Trehalose is a disaccharide and fasting-mimetic that has been both canonized and vilified for its putative cardiometabolic and microbial effects. Trehalose analogues are currently under development to extend the key metabolic therapeutic actions of trehalose without adversely affecting host microbial communities. In the current study, we contrast the extent to which trehalose and its degradation-resistant analogue, lactotrehalose (LT), modulate microbial communities and host transcriptomic profiles. We demonstrate that trehalose and LT each exert adaptive metabolic and microbial effects that both overlap and diverge. We postulate that these effects depend both upon compound stability and bioavailability, and on stereospecific signal transduction. In context, the data suggest that trehalose is unlikely to be harmful, and yet it harbors unique effects that are not yet fully replicated by its analogues. These compounds are thus valuable probes to better define trehalose structure-function, and to offer as therapeutic metabolic agents.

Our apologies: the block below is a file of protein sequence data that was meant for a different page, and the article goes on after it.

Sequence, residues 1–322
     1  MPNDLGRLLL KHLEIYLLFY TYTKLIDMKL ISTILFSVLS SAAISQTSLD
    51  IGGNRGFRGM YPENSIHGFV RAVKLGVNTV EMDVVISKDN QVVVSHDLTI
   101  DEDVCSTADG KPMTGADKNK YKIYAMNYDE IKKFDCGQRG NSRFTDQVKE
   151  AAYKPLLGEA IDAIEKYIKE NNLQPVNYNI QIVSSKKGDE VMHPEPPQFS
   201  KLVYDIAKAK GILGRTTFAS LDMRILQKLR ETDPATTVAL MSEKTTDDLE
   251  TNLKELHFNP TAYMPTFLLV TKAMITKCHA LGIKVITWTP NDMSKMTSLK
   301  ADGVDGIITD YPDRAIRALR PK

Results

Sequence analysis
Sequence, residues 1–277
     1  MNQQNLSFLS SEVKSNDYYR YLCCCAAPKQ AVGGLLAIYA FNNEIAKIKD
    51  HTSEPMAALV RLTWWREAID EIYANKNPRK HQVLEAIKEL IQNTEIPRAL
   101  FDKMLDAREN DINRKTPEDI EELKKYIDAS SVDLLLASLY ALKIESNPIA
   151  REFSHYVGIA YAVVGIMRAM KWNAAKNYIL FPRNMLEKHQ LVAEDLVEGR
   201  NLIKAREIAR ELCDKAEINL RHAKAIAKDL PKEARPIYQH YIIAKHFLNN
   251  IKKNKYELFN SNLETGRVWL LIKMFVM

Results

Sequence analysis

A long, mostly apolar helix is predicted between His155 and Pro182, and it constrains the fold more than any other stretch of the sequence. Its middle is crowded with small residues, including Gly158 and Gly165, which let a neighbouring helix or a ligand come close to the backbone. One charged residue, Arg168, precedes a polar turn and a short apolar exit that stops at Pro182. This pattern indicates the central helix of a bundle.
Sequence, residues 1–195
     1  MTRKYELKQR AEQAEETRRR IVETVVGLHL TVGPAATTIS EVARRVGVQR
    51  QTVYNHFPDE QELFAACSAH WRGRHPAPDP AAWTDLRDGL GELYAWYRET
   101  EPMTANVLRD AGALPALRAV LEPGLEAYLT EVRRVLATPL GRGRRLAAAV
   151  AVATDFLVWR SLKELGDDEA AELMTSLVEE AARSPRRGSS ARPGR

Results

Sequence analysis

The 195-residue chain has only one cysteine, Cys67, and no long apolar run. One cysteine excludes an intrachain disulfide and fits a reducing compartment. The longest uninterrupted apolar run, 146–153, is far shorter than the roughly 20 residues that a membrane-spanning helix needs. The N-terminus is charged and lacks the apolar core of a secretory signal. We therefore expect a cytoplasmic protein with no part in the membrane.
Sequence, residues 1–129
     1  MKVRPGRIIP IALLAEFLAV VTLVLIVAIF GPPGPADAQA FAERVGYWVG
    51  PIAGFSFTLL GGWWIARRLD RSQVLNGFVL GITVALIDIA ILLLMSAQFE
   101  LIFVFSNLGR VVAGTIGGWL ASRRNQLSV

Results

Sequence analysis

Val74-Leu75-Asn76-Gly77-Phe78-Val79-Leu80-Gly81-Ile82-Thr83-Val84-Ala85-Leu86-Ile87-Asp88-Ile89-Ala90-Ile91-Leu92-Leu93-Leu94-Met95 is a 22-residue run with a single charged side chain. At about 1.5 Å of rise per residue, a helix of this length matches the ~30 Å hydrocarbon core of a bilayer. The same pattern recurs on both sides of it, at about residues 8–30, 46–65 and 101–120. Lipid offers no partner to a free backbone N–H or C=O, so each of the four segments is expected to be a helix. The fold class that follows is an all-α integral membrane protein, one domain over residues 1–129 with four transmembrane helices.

- Clostridioides difficile